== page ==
When using this method, having an outside sound source is necessary. I advise using a chromatic tuner, but certainly playing notes on a piano or keyboard instrument will do. Though not the most reliable, even having another person play a note while you try to match it can also be helpful. The effective part of this method is that you have to really hear the note. There’s no subjective rationalization, it’s either in tune or out of tune. To further make this point, I suggest wearing headphones and turning the reference note way up. It’s very humbling! When I first have players do this, they usually take off the headphones after 30 seconds. The truth can sometimes be a hard pill to swallow.
Cents monitoring is using the light or needle on the metronome to see whether you're flat or sharp.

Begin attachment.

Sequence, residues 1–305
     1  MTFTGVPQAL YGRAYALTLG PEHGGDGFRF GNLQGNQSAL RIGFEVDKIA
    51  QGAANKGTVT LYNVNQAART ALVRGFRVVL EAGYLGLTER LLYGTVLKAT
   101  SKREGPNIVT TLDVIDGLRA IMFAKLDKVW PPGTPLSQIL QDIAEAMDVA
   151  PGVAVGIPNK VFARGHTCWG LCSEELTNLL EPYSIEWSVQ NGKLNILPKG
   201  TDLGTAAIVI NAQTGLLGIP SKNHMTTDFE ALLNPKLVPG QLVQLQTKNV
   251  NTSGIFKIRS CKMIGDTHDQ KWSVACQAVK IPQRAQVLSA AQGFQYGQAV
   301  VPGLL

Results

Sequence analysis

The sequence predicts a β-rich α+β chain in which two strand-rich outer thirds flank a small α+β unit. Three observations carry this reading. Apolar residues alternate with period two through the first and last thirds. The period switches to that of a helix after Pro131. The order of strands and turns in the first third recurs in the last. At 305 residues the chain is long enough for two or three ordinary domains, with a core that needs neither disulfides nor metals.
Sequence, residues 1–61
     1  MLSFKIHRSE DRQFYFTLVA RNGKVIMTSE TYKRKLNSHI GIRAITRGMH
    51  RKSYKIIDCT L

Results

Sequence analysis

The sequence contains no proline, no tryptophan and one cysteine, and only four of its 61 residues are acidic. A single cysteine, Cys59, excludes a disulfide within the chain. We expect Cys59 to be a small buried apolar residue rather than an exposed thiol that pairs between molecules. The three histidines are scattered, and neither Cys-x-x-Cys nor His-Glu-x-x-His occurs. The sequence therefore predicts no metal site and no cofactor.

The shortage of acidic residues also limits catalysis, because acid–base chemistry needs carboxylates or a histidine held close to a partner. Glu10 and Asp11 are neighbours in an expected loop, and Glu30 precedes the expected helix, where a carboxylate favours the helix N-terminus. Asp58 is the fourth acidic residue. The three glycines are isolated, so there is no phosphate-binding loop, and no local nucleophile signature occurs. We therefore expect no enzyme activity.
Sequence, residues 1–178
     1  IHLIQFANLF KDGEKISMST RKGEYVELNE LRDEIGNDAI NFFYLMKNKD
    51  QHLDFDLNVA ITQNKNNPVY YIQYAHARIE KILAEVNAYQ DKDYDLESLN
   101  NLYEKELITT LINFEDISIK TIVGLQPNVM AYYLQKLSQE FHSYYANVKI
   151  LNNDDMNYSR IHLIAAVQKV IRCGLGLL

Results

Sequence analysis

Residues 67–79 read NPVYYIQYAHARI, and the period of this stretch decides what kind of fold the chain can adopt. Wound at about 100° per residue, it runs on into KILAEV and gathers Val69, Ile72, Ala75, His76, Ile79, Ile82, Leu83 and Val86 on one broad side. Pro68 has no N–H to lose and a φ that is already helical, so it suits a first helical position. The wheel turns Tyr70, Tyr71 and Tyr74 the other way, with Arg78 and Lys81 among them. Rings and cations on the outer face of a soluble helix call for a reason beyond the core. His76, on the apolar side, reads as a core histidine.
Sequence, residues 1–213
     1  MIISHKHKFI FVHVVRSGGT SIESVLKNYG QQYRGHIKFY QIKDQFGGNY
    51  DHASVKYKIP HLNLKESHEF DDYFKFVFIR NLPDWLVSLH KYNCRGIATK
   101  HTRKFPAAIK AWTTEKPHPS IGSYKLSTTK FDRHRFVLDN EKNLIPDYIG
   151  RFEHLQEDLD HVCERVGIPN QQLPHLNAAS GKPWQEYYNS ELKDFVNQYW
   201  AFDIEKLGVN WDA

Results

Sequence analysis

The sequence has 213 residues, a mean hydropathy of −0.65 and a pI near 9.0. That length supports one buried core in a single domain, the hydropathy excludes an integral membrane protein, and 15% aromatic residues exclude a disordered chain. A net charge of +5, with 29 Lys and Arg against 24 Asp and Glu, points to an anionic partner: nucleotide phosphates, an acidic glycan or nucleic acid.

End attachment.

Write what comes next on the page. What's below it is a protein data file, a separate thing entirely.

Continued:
This method is all visual. Again, you’re taking your cue from the needle or the light. You’re either to the left of the center (flat), to the right (sharp), or dead center (in tune). Another visual component to this is that when the pitch is flat or sharp a red light appears. It's green when the note is in tune. This method is great because your eyes can see what your ears sometimes can’t hear. Which is ok, too. As long as you can hear where the issues are.
Parallel interval practicing is when you match up intervals against each other in different keys.
I find this approach to be the least accurate but the most helpful. Sometimes it’s not so much about being in tune with the tuner but being able to play in tune with the person or persons you’re playing with. So practicing intervals does this.
If you're not clear on what this, this is what I mean:
Take the upper register for example. Play a series of perfect fourth intervals. A to D; Bb to Eb; B to E; C to F, etc. This method is less about matching A - 440 and more about matching the person or sound source you're playing with.
I’ll post some exercises later, but this should get you started in thinking about long tones in different ways. Or at least having different ways to approach them.
Until next time...